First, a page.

Radiation pattern of the feed. See text for further discussion.

The directivity plot above shows RHCP patterns for 4 principle cuts (Φ 0°,45°,90° and 135°) in blue. The bold red plot shows the opposite polarization LHCP, for Φ45°. Ideally this should be very small, but due to the nature of the feed, it is significant.

There is some debate as to whether adding a choke to such a small dish ultimately defeats the purpose: an improvement in spillover comes at the cost of increased dish blockage. The easiest way to confirm this is to build one and measure the improvement (if any) in G/T.

Parameter Measurements
Sun (dBm)-90.8-90.7-90.7-90.5-90.6
Cold Sky (dBm)-99.0-99.2-99.3-99.3-99.3
Sun Y (dB)
SFU (10^-22W/m^2/Hz)49.349.349.35151
G/T (dB)

From the above, the average G/T measurement is around 9.1dB/K, which corresponds to a Te of 91K.
So adding the choke has reduced my system Temperature by around 15K.

Further improvements in the feed must focus on reducing the cross polarisation ratio, which is significant in this type of feed.
This is due to the fact that the square septum feed is.... well, square. The lack of rotational symmetry in the Φ axis will always be a limiting factor on both the circularity and polarisation ratio of the feed.
A circular feed should improve matters, and a design by SM6FHZ (Useful Links) promises just that.
I am still in the process of building this feed, but the results of my simulation look promising:


Made from SM6FHZ dimensions, using scrap Aluminium sheet.

Simulation output

3-D EM simulation of the E-field around the improved feed.

Simulated Directivity

Radiation pattern of the feed. Note the improved polarisation ratio.

Power Amplifier

I next pondered what to do for a power amplifier for 1296MHz. Again, looking at some of the prices being asked for some commercial units, I decided to see if there was anything that I could build that would give me some reasonable power.
Eventually I came across some obsolete devices for sale on-line (MRF9060) for not too many dollars. The datasheet claims 950MHz max operating frequency, but as these FETs are not internally matched I felt it worth the gamble to see if I could produce some power at 1296MHz.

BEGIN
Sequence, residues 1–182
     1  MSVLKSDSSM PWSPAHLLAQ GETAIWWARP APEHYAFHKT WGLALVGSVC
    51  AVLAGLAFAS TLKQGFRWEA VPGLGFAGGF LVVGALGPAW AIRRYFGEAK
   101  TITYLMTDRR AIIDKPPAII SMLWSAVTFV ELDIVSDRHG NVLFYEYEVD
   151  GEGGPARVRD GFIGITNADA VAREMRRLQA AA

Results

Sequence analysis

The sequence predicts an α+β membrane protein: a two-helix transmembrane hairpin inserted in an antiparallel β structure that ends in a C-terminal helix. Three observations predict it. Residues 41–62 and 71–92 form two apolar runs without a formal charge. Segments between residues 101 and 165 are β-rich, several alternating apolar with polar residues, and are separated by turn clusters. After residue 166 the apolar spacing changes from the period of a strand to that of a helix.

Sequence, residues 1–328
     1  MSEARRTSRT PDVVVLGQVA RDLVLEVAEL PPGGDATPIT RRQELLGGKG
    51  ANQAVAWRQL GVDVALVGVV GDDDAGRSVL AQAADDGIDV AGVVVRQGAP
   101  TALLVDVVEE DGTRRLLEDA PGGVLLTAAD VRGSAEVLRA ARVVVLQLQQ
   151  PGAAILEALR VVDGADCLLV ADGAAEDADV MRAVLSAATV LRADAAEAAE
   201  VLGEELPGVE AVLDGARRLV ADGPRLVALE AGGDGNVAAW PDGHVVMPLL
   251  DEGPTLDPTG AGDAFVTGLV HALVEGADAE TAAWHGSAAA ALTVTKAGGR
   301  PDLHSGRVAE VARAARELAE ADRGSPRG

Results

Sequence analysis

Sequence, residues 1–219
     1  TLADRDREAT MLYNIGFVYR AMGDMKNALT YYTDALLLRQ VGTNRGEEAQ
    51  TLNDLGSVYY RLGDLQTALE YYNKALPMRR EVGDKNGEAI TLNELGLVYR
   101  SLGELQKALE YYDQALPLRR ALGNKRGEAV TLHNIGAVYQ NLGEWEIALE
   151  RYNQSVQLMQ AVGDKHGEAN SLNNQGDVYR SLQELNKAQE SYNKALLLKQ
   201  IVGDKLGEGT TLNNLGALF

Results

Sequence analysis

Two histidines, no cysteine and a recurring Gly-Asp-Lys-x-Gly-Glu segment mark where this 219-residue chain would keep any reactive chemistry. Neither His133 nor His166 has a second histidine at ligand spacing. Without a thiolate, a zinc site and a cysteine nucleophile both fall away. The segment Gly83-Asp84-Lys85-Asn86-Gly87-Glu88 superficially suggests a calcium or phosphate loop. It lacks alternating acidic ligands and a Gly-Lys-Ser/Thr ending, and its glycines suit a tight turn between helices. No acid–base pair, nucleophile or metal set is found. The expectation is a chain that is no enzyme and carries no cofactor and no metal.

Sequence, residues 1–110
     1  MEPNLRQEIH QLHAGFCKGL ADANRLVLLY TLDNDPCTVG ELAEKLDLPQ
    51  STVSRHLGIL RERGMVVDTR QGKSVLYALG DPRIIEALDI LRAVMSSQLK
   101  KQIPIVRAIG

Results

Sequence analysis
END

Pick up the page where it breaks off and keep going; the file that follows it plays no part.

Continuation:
And it looks like I'm not covering new ground here: John G4BAO has an excellent article detailing the design of a 23cm amp using the similar MRF9045 (see Useful Links). This gave me some confidence (possibly misplaced) to forge ahead.
Of course, I would be using FR4 PCB instead of the nicer (and more expensive) Taconic PCB material. And I have no idea about the '9060 impedances at 1296MHz.
But that's part of the fun, really.
So, some reasonable guesses from the datasheet, and a few minutes with APPCAD and a smithchart (Useful Links) led me to a circuit design as seen below.

Initial testing was not so encouraging. But some time with a scalpel and some copper shim enabled me tune tune the input Return Loss to better than -15dB, and an output power of around 42W (Gain around 13dB). Psat around 50W.
Clearly not as much as I would expect from the device, but given my somewhat slipshod approach, I am not overly displeased with the result.
A box around the PCB and heatsink, together with a fan and bias control circuit complete this amp.

When I get around to it, I'll re-calculate the device impedances based on the amount of copper shim I added to the prototype PCB, and I may even consider another PCB manufacture run.

PA Innards

The prototype PA build.

The Front Panel

External bias switching is used, with a front panel indicator.


40W out for around 1.8W input.

Useful Links


Moon Tracker ver 3
22/03/19 A new version.
144MHz EME Array
20/02/19 Resurrect the old 144MHz high gain antenna array.
06/11/17 Make allowances for the Thunderbolt date rollover issue.
1296MHz Activities
26/06/16 Antenna Improvements.
Moon Tracker ver 2
23/06/16 A new version.
1296MHz Activities
29/09/15 Build a small dish.
26/07/15 Low-noise Preamplifier Design.
1296MHz Activities
19/04/15 Power Amplifier Design.
1296MHz Activities
13/01/15 Design and build a tower for 3m parabolic dish.
30/09/14 LCD monitor for my Thunderbolt GPSDO.
02/08/14 A home-made Noise Figure Meter.
Moon Tracker Update
09/04/14 New rotator and better position feedback sensors added.
1296MHz Antenna
09/02/14 Begin construction of a 1296MHz feed horn for the 3m dish.
1296MHz Activities
28/01/14 After success at 144MHz, operation at 1296MHz is planned.
Moon Tracker Update
11/09/13 Added a Background Sky Temperature calculation into the Moon Tracker.
Moon Tracker Update
28/08/13 Just Added some software limits to rotation of motors.
Roger Beep installed
09/08/13 Added a Roger Beep to my radio.
Andy's Website
06/05/13 Start build of website.


Andy, VK3ANX
Yarra Valley, Australia